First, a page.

Leaders of the NAACP and American Airlines have met to discuss the civil rights group's travel warning alleging discriminatory practices by the airline, but no resolution appears imminent.
The NAACP issued a travel advisory late last month, warning African Americans that flying on American Airlines could subject them to "disrespectful, discriminatory or unsafe conditions."
The NAACP cited four incidents in which African American passengers were either removed from a flight or forced to give up a first-class seat on the carrier's planes.
According to the annual air travel consumer report compiled by the U.S. Department of Transportation, American Airlines had 18 complaints last year that alleged discrimination based on race, more than any other carrier.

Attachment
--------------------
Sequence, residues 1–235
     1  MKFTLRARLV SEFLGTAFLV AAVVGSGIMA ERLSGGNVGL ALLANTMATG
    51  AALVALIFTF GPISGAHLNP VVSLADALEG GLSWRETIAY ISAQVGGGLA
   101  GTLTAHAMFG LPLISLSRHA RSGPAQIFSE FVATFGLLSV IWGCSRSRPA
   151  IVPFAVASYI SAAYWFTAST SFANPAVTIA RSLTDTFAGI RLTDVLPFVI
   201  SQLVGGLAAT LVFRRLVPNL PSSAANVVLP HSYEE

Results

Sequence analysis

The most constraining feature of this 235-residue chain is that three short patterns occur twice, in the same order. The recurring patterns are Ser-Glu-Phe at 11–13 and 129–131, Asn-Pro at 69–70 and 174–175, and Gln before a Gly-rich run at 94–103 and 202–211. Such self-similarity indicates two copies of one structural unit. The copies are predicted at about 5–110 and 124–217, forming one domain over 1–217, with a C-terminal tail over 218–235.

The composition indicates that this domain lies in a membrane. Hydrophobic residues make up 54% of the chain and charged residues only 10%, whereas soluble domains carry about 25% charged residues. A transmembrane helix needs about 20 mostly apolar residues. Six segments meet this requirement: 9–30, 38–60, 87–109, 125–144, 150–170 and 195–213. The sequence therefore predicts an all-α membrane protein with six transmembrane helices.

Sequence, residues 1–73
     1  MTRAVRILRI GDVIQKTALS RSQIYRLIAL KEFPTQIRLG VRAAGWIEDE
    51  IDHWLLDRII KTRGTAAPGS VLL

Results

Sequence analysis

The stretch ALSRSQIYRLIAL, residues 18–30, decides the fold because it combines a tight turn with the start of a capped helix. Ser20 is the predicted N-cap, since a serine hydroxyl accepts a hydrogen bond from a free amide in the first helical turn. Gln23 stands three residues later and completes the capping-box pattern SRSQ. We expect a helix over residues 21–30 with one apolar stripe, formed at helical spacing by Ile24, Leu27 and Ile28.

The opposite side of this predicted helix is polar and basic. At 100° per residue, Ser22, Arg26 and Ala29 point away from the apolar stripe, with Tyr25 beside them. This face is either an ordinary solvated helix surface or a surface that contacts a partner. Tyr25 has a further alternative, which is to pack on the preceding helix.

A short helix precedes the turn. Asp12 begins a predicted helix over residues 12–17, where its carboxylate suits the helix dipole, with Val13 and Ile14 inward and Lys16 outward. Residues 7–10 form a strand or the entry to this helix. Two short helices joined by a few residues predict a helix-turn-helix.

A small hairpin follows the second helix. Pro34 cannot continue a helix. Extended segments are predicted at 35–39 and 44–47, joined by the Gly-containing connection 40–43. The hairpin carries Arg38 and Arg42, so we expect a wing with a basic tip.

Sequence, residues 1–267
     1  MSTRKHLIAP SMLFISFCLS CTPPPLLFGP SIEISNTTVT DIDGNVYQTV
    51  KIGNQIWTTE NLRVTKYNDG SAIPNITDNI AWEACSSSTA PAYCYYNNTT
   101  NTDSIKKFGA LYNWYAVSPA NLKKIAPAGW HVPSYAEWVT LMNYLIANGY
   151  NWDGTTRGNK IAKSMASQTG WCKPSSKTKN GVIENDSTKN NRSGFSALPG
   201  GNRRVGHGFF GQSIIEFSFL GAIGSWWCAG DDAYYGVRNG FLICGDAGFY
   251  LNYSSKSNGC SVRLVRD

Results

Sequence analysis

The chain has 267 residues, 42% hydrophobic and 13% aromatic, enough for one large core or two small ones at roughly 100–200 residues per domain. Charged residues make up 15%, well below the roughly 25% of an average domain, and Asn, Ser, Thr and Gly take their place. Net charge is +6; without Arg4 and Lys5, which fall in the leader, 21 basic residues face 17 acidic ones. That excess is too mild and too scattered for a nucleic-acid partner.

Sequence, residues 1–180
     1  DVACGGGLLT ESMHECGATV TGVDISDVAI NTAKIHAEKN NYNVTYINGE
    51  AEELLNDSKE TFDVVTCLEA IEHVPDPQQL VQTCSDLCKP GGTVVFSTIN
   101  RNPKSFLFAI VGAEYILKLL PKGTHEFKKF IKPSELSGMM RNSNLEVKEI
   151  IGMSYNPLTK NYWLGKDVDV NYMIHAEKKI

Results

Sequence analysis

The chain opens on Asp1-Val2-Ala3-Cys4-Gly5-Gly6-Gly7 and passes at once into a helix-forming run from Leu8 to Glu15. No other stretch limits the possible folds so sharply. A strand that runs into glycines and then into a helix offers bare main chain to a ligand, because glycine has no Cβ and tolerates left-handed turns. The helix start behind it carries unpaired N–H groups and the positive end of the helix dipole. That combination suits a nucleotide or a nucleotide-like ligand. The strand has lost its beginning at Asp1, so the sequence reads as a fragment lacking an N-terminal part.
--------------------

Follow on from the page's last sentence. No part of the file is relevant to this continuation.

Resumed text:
On Tuesday, NAACP President Derrick Johnson, NAACP General Counsel Brad Berry and several activists met in Washington with American Airlines Chief Executive Doug Parker and the carrier's vice president for customer experience, Kerry Philipovitch.
"We welcomed the opportunity to meet, and had a positive and productive dialogue," airline spokeswoman Shannon Gilson said of the meeting. "We look forward to continuing the conversation and working together."
The NAACP issued a statement, saying the two sides had "a full and frank dialogue, but words are no substitute for action."
Both sides said they will continue to meet to discuss the allegations.